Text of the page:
This is the first post in a short series about those dimensions of privacy that the insurance sector should pay most attention to. In these posts, I’ll be looking at why the public have concerns about these dimensions of privacy and only in passing at how the law treats them. This is in part because the law invariably lags public opinion, but mainly because insurers need to tune into their customers just as much as their lawyers.
I’m starting with aggregation, which involves the gathering and bringing together of data about a person from various different sources. The logic behind aggregation is that while a single piece of data here or there is not very informative, when several such pieces are brought together, they begin to form more of a portrait of that person.
Why does the whole become greater than the sum of its parts in this way? It’s largely down to data synergies. Aggregating data can reveal new facets of a person that she may not have expected to become known when she originally divulged each item of isolated information.
One may think then that if all this information had already been disclosed in one place or another, then bringing it together should not raise privacy concerns. Not quite. The public distinguishes between the scattered disclosure of pieces of information at various points in our lives and the aggregation of it all in one place. We know that to live in an organised society we need to disclose information along the way, but we often feel uncomfortable when it starts being bundled together.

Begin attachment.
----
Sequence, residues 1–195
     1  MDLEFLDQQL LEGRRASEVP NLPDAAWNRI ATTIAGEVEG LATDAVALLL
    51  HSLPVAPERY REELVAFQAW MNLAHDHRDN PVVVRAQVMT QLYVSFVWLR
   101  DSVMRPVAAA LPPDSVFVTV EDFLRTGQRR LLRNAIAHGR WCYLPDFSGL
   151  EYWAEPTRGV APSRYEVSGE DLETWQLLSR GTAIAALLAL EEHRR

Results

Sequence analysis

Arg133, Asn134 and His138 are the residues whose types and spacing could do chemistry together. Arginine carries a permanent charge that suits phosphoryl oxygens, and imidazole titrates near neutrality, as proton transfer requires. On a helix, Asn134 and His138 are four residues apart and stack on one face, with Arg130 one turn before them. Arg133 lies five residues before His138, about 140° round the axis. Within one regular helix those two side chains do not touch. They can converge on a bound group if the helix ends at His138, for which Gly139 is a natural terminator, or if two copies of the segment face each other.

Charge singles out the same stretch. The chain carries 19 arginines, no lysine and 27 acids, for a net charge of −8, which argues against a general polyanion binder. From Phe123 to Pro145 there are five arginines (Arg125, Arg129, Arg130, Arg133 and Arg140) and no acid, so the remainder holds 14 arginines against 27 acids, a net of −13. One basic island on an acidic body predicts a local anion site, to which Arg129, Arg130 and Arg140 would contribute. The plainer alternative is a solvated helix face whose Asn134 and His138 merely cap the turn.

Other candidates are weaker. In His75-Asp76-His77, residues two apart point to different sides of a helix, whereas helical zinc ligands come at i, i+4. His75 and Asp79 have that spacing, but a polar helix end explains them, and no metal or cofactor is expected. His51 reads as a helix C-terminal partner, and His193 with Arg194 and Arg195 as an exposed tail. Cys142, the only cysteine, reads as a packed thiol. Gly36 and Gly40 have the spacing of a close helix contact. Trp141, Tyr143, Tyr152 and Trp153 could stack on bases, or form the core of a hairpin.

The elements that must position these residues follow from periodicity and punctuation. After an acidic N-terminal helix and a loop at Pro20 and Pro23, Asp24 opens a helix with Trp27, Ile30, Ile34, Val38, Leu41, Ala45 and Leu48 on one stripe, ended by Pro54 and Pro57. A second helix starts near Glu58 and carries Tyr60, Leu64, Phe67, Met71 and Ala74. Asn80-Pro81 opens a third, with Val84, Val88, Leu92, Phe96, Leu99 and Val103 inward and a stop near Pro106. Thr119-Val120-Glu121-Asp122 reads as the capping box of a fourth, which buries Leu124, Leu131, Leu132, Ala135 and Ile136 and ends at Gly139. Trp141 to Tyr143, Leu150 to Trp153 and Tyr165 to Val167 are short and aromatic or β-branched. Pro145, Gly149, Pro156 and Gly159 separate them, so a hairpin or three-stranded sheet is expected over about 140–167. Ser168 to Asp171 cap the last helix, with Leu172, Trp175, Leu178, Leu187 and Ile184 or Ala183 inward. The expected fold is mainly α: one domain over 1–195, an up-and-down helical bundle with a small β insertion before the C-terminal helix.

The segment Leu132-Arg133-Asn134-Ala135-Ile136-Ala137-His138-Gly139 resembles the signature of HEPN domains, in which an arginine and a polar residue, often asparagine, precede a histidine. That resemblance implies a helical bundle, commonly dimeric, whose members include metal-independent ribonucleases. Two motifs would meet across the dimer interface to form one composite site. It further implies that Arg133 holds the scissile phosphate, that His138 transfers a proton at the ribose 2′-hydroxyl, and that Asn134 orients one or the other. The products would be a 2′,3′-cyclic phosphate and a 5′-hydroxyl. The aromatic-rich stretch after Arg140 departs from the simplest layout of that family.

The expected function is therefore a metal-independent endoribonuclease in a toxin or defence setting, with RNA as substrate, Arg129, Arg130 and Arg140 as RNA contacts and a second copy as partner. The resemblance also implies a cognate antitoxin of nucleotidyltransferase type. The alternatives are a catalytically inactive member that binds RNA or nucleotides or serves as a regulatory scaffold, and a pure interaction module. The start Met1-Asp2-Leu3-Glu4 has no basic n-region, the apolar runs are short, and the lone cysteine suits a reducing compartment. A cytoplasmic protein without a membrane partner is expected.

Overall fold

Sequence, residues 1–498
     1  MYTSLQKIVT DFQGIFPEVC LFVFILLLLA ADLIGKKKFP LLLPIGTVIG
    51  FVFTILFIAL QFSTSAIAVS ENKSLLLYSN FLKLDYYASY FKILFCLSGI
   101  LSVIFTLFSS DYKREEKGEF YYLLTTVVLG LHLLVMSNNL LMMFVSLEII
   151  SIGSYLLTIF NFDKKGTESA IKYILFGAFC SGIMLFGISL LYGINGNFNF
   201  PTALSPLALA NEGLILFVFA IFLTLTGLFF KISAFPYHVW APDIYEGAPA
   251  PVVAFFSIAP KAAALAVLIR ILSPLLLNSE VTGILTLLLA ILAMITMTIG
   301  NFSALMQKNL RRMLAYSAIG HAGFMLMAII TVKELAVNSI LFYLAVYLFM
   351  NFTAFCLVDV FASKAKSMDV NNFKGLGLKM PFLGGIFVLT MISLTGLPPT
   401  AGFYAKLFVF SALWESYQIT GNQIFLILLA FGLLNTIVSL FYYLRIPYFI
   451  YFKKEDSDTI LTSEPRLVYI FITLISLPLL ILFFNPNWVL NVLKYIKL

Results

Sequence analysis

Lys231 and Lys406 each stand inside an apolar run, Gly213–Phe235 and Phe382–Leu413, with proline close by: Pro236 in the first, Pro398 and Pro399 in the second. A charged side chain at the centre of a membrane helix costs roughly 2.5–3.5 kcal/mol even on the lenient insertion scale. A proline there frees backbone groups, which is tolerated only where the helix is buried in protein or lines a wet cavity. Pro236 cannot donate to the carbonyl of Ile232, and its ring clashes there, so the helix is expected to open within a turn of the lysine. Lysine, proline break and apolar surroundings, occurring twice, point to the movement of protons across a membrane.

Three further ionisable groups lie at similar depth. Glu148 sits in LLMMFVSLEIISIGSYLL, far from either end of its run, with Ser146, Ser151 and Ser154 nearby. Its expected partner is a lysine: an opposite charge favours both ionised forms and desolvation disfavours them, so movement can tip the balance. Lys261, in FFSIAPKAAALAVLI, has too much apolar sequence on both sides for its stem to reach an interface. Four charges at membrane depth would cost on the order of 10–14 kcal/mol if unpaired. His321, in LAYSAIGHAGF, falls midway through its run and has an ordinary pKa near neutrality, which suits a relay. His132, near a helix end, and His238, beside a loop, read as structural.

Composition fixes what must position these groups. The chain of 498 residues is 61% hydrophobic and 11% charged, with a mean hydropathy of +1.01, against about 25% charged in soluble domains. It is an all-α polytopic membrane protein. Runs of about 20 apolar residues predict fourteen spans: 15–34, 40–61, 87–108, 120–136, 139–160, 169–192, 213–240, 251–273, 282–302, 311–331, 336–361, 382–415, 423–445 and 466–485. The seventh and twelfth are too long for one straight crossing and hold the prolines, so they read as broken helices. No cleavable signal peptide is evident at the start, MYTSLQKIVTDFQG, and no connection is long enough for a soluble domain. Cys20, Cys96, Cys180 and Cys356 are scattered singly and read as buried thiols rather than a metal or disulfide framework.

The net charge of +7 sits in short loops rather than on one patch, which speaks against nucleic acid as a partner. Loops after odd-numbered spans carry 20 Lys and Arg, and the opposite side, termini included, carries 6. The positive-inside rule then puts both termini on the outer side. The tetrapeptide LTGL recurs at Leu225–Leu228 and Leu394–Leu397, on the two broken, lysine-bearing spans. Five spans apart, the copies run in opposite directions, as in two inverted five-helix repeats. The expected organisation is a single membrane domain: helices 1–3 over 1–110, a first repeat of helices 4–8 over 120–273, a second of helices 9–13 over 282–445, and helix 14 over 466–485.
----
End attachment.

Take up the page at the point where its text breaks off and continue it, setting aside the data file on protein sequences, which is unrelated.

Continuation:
Why do we feel uncomfortable about this? The problem is that aggregated data can be informative, but it can also be misleading. The picture you put together about someone from scattered pieces of data may bear little resemblance to the real person. If you disconnect a piece of data from the context in which it was originally disclosed, there is a danger that it will be simplified, perhaps even distorted. That original disclosure could have been in a complex situation with quite different obligations and incentives to that of an insurance contract. Stripping away that context and attaching that piece of data to someone’s record runs the risk of its meaning being contaminated.
Yet how does this differ from the situation up until now in which policyholders have been obligated to disclose a wide range of data about themselves with utmost good faith? It differs in two ways: firstly, there’s a single, clear context (the insurance contract) in which disclosure is taking place, as opposed to a multiplicity of differing contexts. And secondly, data aggregation is invariably undertaken by computer according to a prescribed formula. This creates a rigid and unyielding process in which computerised information is accorded greater weight and human interventions and interpretations become minimal. Data that might actually require substantial evaluation is instead reduced to discrete entries in preassigned categories.
To sum up. Data is not neutral. Its meaning relies heavily on the context in which it is disclosed (think of common phrases used in different ways). Ignoring that context can distort the meaning you try to draw from its aggregation. I’ll explore the implications this can have for insurers in another post tomorrow.